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Investing in Food security? Philanthrocapitalism, biotechnology and development
15th November 2013 @ 1:00 pm - 2:45 pm
This paper traces the evolution of philanthropic involvement in developing country agriculture from the ‘scientific philanthropy’ of the Rockefeller Foundation during and after the Green Revolution era to the ‘philathrocapitalism’ of the Bill and Melinda Gates Foundation, by examining two cases of ‘pro-poor’ agricultural biotechnology research: pro-Vitamin A-enriched ‘Golden Rice’ and drought tolerant maize.
In each case, novel institutions developed for technology transfer have created conditions conducive to future capitalist accumulation in ways that are not immediately obvious. These initiatives can be understood as institutional experiments that are shifting debates about the governance and regulation of genetically modified (‘GM’) crops.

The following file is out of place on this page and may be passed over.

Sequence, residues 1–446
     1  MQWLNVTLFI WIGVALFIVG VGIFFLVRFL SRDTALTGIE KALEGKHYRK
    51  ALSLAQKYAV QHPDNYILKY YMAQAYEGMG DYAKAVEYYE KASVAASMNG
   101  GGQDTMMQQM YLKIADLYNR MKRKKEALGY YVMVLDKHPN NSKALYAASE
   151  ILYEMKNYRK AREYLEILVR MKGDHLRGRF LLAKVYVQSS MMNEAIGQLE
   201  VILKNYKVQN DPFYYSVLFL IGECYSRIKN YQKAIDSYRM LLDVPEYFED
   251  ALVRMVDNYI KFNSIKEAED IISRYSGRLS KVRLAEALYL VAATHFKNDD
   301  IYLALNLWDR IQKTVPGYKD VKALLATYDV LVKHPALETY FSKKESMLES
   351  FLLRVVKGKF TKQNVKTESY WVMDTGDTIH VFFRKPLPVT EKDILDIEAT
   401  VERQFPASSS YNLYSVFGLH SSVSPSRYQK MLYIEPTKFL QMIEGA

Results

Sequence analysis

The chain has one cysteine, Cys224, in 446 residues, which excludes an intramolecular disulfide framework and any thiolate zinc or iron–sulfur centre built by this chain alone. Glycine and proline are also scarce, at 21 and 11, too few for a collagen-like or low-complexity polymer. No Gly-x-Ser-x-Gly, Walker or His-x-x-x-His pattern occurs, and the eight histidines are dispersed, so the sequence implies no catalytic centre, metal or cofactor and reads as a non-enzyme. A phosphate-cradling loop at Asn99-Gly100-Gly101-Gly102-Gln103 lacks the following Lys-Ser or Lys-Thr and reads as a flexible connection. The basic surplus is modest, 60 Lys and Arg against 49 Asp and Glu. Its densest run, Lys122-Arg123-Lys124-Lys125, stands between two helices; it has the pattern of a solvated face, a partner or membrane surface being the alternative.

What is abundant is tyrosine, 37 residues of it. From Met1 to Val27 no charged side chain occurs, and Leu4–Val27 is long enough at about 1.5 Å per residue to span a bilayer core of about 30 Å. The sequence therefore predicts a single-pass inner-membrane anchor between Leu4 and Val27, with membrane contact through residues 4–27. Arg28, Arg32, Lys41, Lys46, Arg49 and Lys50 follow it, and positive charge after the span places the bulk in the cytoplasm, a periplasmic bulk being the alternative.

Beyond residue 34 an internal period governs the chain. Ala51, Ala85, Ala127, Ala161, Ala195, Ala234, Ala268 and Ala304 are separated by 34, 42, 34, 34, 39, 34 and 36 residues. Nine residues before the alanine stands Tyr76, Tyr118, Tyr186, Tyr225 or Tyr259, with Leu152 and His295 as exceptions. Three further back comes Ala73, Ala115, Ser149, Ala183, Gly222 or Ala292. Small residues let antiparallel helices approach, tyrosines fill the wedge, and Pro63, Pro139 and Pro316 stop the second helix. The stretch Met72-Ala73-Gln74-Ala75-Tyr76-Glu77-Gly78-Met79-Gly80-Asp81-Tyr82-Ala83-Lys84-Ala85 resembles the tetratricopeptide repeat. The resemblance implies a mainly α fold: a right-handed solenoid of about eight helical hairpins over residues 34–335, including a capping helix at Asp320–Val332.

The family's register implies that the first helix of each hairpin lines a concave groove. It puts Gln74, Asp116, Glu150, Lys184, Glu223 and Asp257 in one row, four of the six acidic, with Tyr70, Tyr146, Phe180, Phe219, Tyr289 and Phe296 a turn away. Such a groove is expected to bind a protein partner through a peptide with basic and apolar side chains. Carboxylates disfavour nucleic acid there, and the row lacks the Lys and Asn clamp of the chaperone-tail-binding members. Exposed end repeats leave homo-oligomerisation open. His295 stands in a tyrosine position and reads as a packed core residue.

Meanwhile an emphasis on silver bullet solutions and institutions that ‘connect to the market’ diverts attention from more context-responsive approaches. This trend is likely to intensify with the announcement at the recent G8 summit backing a ‘New Alliance for Food Security and Nutrition’ in which agri-business corporations are to play a key role.
More information about Sally’s work can be found at http://www.sallybrooksconsulting.com/publications/
Sally Brooks’ book in the STEPS Centre’s Pathways to Sustainability series: Rice Biofortification: Lessons for Global Science and Development
Sally Brooks is a social researcher with interests in international development, technological change in agriculture and food policy, based in York, UK. In recent years she has worked as a researcher and tutor at the Institute of Development Studies (IDS) and STEPS Centre at the University of Sussex and the Department of Social Policy at the University of York; and is currently research associate on a component of the BBSRC-funded ‘Sustainable Crop Production for International Development’ Project led by the School of International Development (DEV) at the University of East Anglia and John Innes Centre. Previously she worked with development NGOs in Southeast Asia for several years. She is author of ‘Rice Biofortification: Lessons for Global Science and Development’ (Earthscan: 2010).